Questions about Spitex and care services

  • What is Spitex and how does it work?

    Spitex is not a protected term. It is derived from the German “spital-extern” and refers to services provided outside the hospital, such as home care and day-to-day help and support. There are 577 public Spitex organizations, 289 private ones and 1,015 self-employed nursing professionals (Federal Statistical Office, as at 2017, in German and French only) in Switzerland, which are recognized by health insurers. They promote, support and enable living at home for people of all age groups who depend on help to do so.

    Spitex for children provides intensive, all-round care and support for seriously ill, disabled or dying children at home, and is offered by only few care providers. The cost of services covered by basic health insurance is paid for by the child's basic insurance.

  • What is the difference between a private and public Spitex organization?

    As a rule, public organizations have an obligation to provide care for the municipality or canton and are therefore obliged to accept all assignments, even if it is not cost-effective to do so. Private organizations have no obligation to provide care. They can define minimum assignment hours and turn down requests for care services.

    Both public and private Spitex providers require a cantonal operating licence, for which they must fulfil certain criteria in relation to staff and service range, and can therefore bill health insurers for their services.

    At, public organizations are described as providers "with a service contract" and private organizations as "private organizations".

  • Are Spitex services covered by (basic) health insurance?

    The health insurer only pays for services that are prescribed by a doctor, listed in the Health Insurance Benefits Ordinance (KLV) and provided by the qualified personnel of approved Spitex providers.

    The services covered by the health insurer are split into three categories: a) needs assessment / advice / coordination (e.g. with the doctor and relatives); b) examination and medical treatment (e.g. preparing and administering medication) and c) basic care (e.g. showering / bathing / washing, dressing and undressing, eating and drinking, going to the toilet, getting up / lying down / walking or dental care). The costs are covered by compulsory basic insurance minus the annual deductible and the coinsurance. More information can be found in the care cost calculator.

    Services not covered by health insurance are day-to-day help and support, such as shopping, preparing meals, cleaning, washing, ironing, etc. Certain tasks can be covered by a private supplemental insurance policy. Under certain circumstances, supplementary benefits and/or helplessness allowances may also be applied for.

  • How much do home care and support services cost?

    The rates for home care services are uniformly set by the federal government; the rates for support services are not, which is why they vary. It is worthwhile comparing the various providers and their services. The rates are usually published on the website of the respective provider. Support from relatives may also be an option.

  • Who pays for Spitex care and support?

    The costs for prescribed home care services are paid by three parties: the health insurer (54.60, 65.40 or 79.80 francs per hour), the Spitex clients (maximum 15.95 francs per day) and the public authorities (canton or municipality). The amount to be paid by the Spitex clients themselves depends on the canton, the chosen deductible and the age (younger or older than 18 years) and can be calculated using the care cost calculator.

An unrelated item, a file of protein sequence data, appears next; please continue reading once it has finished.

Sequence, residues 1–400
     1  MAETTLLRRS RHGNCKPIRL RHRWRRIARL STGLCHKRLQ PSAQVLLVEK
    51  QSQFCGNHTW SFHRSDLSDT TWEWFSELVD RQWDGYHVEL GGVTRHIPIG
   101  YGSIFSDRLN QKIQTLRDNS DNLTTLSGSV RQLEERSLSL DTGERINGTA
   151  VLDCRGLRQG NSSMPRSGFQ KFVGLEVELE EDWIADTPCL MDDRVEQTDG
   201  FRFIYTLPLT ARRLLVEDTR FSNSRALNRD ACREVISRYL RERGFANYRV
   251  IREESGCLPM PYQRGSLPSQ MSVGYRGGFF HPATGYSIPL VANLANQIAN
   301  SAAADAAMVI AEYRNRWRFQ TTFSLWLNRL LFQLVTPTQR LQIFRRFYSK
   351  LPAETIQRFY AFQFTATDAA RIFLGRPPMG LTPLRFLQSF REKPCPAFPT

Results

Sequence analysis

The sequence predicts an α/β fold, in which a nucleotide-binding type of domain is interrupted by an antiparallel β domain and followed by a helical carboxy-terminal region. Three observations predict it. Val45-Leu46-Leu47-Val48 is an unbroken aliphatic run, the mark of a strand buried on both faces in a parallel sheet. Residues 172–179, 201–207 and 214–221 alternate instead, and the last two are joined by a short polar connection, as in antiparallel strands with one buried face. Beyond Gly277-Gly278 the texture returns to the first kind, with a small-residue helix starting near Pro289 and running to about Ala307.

The costs for support services and domestic help must be borne by the clients themselves, but contributions may be received through supplemental insurance, helplessness allowances and/or supplementary benefits.

  • Am I entitled to financial support?

    Anyone who needs help over a longer period of time for day-to-day life activities such as getting up, dressing, going to the toilet, eating, personal hygiene, etc. is entitled to a helplessness allowance based on whether the incapacity is slight, moderate or severe, but regardless of age, income and assets.

    Anyone whose income (incl. pension) and assets mean that they are living below subsistence level is entitled to supplementary benefits (EL/PC). Supplementary benefits are part of the Swiss social security system and are not welfare or social assistance benefits. EL/PC can be applied for from the cantonal AHV/AVS compensation office. Asset and income limits for EL/PC vary from canton to canton. For example, supplementary benefits can be used to cover the deductible and coinsurance for mandatory basic insurance, domestic help and transport.

    Anyone who has taken out supplemental insurance should verify whether it contributes to care or domestic help costs. Contributions can amount to up to 100 francs per day, but are usually limited to 30 days per year.

    If the above benefits are not sufficient to allow you to live above subsistence level, you can apply for social assistance at the municipality where you live.

    As a carer of a relative in need of care, you can claim care credits from the cantonal AHV/AVS compensation office in the canton of residence of the person requiring care. Only great-grandparents, grandparents, parents, parents-in-law, spouse, siblings, children, stepchildren and grandchildren are considered “relatives”. “In need of care” means that the relative receives a helplessness allowance from the AHV/IV or AVS/AI due to a moderate or severe incapacity. To be eligible for care credits, carers must be easy to reach for the person in need of care. “Easy to reach” means that the carer does not live more than 1 hour's journey or 30 km away from the person in need of care for at least 180 days per calendar year.

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